After Jim and I finished the task at hand, we talked about a number of other film-related things. It's so wonderful to talk shop. It's encouraging to hear about Jim's projects, and what he enjoys. He is an incredibly smart and kind man, doing a number of interesting things right now.

Jim is working on Grace Running, a film about a 14-year old girl named named Grace (played by Sydnei Murphy). The young lady starring in his film is absolutely gorgeous. I hope Jim will let me lend a hand at some point on the production.

Jim also runs the Triangle Filmmakers Special Interest Group (TFSIG), which is a "mailing list and occasional meeting of dedicated local indie filmmakers." If you're in the area and want to introduce yourself to other filmmakers, TFSIG is a great way to do that.

Big thanks to Jim and his support and encouragement. More to come as we hustle to get this thing finally finished!

Tuesday, June 14, 2011

Private Screenings Continue

Scheduling of private screenings of Abandoned Allies continues. To say this is exciting for me is a gross understatement. We've been working on the film for years, and I'm finally able to start sharing it with people in intimate settings where we get honest, constructive criticism.

This weekend I'll share the film with Lap and his family. I can't wait to hear what they think of it and their insights on ways to make improvements. Lap and his father are both in the film, and make such poignant statements.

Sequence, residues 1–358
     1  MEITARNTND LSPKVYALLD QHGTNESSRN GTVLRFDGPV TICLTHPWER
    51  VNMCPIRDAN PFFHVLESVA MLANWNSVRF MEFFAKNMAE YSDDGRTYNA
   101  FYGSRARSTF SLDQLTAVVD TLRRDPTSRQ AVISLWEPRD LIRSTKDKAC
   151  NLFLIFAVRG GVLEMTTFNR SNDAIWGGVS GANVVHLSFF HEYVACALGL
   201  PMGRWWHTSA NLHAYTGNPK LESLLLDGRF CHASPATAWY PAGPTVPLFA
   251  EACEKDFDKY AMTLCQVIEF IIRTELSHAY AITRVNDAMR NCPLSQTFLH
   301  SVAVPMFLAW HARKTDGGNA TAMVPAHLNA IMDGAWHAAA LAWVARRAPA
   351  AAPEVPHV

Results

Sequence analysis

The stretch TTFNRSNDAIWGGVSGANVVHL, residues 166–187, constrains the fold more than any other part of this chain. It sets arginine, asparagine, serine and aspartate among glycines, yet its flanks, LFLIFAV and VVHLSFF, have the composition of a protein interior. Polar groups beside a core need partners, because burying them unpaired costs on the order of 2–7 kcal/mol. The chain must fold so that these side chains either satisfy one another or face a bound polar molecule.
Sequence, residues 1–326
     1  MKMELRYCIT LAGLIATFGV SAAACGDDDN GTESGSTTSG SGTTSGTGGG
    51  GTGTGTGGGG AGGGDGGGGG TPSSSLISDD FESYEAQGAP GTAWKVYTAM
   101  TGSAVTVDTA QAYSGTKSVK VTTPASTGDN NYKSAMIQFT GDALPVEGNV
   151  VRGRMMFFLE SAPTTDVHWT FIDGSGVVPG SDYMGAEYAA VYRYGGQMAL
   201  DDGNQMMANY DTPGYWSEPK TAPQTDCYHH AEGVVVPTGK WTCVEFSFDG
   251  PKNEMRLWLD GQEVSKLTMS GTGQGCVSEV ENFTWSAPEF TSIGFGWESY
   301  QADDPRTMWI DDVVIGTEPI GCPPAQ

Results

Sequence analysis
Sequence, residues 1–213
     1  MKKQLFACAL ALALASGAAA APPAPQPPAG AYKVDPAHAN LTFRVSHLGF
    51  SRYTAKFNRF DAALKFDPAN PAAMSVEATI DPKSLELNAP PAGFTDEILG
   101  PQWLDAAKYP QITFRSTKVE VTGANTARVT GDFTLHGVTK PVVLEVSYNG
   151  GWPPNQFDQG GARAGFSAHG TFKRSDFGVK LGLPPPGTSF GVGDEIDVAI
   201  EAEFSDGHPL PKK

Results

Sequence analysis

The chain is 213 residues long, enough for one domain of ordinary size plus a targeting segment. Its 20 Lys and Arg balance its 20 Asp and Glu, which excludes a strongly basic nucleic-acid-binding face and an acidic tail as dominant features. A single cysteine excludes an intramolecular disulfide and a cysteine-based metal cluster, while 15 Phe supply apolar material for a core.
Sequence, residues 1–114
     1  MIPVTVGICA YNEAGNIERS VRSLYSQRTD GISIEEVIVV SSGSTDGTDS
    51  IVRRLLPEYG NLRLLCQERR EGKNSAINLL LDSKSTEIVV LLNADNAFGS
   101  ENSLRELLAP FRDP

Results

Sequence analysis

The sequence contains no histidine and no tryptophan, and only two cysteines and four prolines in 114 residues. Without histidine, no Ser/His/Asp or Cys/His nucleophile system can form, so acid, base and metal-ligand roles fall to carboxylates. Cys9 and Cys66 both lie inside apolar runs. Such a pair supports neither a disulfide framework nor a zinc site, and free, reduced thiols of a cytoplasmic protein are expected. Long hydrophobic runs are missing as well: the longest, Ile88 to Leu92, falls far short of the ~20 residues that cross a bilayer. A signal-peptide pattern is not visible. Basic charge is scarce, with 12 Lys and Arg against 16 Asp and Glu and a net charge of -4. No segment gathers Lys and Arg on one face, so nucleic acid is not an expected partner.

Next week I'm hoping to share Abandoned Allies with Hip, his family, and his friends. Hip is also in the film, and is very passionate about sharing/preserving the Montagnard culture. He seems really excited about having a copy of it.

A larger private screening is scheduled for next month. This one is for my fellow improvisers at ComedyWorx in Raleigh, N.C. My fellow improvisers have all been so supportive of this project by volunteering their time, expertise, and encouragement. The sneak peek is a small way of saying thank you to them and offering the first Q&A with a larger audience. It'll be interesting to show a very serious documentary to a group of people who love comedy. It is a very smart, dynamic crowd.

Work on the film continues. I have to finish adding B roll, tweak the ending, finalize music, and mix sound. When those things are done, we will do color correction. Then we'll work on the trailer and start branding/marketing/communications. We will look into film festival submissions and plan local events, too.